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Peggy Noonan’s lede in her Wall Street Journal column from October 15, 2020 read: “Everyone’s insane now. I mean everyone in Washington.”
It is not uncommon for people, even columnists for respected newspapers, to speak of government officials in this way. They are usually referring to the people on the other side of the aisle, but Ms. Noonan advocates for inclusivity: “Everyone’s insane now.”
Note the word, “now.” The implication is that there was a time when not everyone was crazy. Was there less insanity when Ms. Noonan’s boss, Ronald Reagan, was in the Oval Office? Perhaps. But I wouldn’t bet on it.
Craziness in government is nothing new. Had Ms. Noonan been writing in the time of Christ, she might have used the same lede, with this clarification: “I mean everyone in Rome.” The Gospel of Luke lists the names of officeholders at the time Jesus burst onto the scene. This was a standard method for dating events, but it was also St. Luke’s way of reminding his readers that God is at work in the real world.
The people the Evangelist mentions were not mythical. It would be like me bringing up Joe Biden, Chuck Schumer, and Mitch McConnell in reference to something that was going on in our church and community. The men on Luke’s list were real people, exercising influence (for good or bad) in the real world.
God is not working in some ethereal spiritual world while life goes on in the “real” world. The “real” world is itself spiritual, shot through with divine activity. That is as true now as it was when Tiberius was the Roman emperor.
Tiberius was the poster child for insanity in government, though his heir Caligula made him look almost normal. As he grew older, the Emperor became paranoid and cruel. Seneca says that he was positively rude and insulting. Toward the end of his reign, he was executing people for saying things he didn’t like. He started spending less time in the capitol, and more time on the Isle of Capri, which was a hotbed of sexual deviancy. When he died, protestors in the streets wanted his body dumped in the Tiber River, which was how the corpses of criminals were disposed.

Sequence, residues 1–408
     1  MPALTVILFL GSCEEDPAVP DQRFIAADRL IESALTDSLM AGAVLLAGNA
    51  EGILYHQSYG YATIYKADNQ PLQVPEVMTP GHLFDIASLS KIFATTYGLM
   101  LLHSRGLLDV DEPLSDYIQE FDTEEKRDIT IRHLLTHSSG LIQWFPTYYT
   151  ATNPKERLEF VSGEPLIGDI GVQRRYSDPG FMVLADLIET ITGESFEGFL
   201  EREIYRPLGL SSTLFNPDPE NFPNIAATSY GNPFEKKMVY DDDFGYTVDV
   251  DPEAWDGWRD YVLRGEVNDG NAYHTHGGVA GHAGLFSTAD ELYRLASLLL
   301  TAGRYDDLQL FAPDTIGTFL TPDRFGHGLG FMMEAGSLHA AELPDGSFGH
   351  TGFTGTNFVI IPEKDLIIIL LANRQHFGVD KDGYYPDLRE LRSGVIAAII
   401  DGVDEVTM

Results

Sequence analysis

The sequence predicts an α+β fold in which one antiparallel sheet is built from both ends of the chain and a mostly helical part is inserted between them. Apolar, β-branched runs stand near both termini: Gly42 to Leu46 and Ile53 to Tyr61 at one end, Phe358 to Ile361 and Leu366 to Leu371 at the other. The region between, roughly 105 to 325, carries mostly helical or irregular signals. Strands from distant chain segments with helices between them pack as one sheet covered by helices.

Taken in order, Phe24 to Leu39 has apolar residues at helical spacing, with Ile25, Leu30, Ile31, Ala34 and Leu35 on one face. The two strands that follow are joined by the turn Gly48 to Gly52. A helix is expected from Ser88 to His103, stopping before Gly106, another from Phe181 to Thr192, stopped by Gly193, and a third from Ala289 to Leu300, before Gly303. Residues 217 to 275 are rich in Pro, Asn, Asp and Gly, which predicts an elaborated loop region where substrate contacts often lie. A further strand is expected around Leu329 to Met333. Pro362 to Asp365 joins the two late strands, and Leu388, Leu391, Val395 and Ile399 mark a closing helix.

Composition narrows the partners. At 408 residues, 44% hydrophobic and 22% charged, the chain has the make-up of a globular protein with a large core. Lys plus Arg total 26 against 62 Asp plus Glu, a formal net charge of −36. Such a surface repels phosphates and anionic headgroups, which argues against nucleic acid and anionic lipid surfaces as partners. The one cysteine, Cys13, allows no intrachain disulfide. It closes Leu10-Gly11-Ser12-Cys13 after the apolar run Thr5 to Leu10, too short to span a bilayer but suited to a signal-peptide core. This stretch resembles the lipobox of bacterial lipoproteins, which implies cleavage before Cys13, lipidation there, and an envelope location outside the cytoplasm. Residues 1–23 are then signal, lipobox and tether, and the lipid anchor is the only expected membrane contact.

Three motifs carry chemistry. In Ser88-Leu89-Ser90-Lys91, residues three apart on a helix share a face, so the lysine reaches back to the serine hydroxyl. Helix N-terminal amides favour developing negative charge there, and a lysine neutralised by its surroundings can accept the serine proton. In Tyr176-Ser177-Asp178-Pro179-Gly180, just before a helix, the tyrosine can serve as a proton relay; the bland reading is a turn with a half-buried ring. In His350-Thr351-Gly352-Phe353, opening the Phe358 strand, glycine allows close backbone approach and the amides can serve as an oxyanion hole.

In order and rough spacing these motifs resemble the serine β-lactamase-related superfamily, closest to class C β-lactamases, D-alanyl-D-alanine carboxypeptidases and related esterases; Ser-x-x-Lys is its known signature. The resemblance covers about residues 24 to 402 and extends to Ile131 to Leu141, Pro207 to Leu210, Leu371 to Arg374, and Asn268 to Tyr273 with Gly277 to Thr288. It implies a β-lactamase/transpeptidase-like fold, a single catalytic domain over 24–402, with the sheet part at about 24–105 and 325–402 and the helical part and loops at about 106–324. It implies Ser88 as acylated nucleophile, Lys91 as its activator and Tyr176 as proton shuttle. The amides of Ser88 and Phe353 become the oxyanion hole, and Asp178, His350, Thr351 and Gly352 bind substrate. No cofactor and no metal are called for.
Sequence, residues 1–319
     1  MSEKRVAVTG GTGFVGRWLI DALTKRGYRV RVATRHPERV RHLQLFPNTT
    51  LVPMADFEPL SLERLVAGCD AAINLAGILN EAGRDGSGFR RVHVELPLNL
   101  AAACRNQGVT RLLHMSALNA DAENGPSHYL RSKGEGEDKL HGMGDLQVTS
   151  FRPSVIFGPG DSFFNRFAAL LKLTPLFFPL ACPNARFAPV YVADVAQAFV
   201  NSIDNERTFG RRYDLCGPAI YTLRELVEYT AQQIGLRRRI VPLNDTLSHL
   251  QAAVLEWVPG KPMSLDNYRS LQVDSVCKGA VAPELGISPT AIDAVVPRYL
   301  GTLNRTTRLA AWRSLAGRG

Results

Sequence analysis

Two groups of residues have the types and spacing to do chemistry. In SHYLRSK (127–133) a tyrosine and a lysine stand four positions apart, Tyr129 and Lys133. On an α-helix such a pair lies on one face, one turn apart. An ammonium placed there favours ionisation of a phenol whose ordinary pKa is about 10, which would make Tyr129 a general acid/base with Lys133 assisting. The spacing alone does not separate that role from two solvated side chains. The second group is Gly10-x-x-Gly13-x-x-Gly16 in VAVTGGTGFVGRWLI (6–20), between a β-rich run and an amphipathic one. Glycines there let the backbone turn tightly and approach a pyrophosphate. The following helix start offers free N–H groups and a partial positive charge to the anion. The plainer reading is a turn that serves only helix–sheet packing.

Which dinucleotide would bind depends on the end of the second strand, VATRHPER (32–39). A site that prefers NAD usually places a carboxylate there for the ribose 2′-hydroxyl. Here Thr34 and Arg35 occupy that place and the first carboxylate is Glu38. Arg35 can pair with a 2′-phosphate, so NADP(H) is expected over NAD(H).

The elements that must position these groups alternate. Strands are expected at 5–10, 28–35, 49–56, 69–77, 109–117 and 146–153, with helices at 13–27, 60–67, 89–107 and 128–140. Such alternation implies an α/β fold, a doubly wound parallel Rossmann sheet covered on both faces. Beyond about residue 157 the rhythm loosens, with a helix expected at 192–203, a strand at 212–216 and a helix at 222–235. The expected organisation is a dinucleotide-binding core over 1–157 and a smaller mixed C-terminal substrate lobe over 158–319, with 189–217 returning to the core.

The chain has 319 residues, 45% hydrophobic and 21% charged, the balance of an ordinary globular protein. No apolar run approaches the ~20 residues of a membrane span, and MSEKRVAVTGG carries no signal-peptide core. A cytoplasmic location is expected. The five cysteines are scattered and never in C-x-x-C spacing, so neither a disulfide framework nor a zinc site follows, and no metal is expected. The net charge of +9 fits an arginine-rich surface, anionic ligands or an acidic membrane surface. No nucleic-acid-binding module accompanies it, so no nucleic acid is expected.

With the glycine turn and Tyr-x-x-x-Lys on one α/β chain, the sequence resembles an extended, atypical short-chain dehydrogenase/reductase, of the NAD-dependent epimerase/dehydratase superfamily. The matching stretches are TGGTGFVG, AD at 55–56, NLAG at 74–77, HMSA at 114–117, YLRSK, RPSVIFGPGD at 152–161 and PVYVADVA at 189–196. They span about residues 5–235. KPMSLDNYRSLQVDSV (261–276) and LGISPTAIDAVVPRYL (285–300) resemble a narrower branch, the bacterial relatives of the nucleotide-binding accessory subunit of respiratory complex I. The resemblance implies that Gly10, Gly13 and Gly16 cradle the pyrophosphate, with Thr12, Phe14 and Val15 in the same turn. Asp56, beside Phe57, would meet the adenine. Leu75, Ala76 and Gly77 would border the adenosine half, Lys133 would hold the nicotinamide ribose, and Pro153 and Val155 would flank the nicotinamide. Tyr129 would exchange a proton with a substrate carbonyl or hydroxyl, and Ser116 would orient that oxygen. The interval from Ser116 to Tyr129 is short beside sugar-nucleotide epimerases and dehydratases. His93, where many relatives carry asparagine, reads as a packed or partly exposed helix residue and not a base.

Luke also mentions Pontius Pilate. He was the Roman governor of Judea who ordered Jesus’s execution. The Jews hated him, and asked Tiberius to recall him. Pilate used treasury money as if it were his personal account, and when people protested, he sent his troops into the streets in plain clothes with orders to infiltrate the protestors and kill as many as possible. It was a massacre. Tiberius reprimanded Pilate but stopped short of removing him from office.
Herod Antipas also made Luke’s list. He was the regional administrator who had founded the gleaming city of Tiberius on the shores of Lake Galilee. It was he who ordered the beheading of John the Baptist and later attempted to have his own nephew imprisoned. He was sly, power-hungry, and unfaithful to multiple spouses.
If we had lived in Palestine in the year 28 AD, which would have been the 15th year of Tiberius’s reign, we probably would have been saying, “Everyone’s insane now.” Nevertheless, God was at work, accomplishing his purpose. The insanity of Rome – or, for that matter, Washington – cannot stop him.
As we approach Christmas, we must keep this in mind. The God who was at work in the world then is at work in the world now. The God who sent his only begotten Son will send him again.
“The meaning of Christmas,” a New York Times op-ed piece once claimed, “is that love will triumph and that we will be able to put together a world of unity and peace.” Those are nice words, but that is not what Christmas means. Christmas is not about something we might do but about something God has already done: he has entered the insanity of our world through the person of Jesus so that he might redeem it, restore it, and make it beautiful.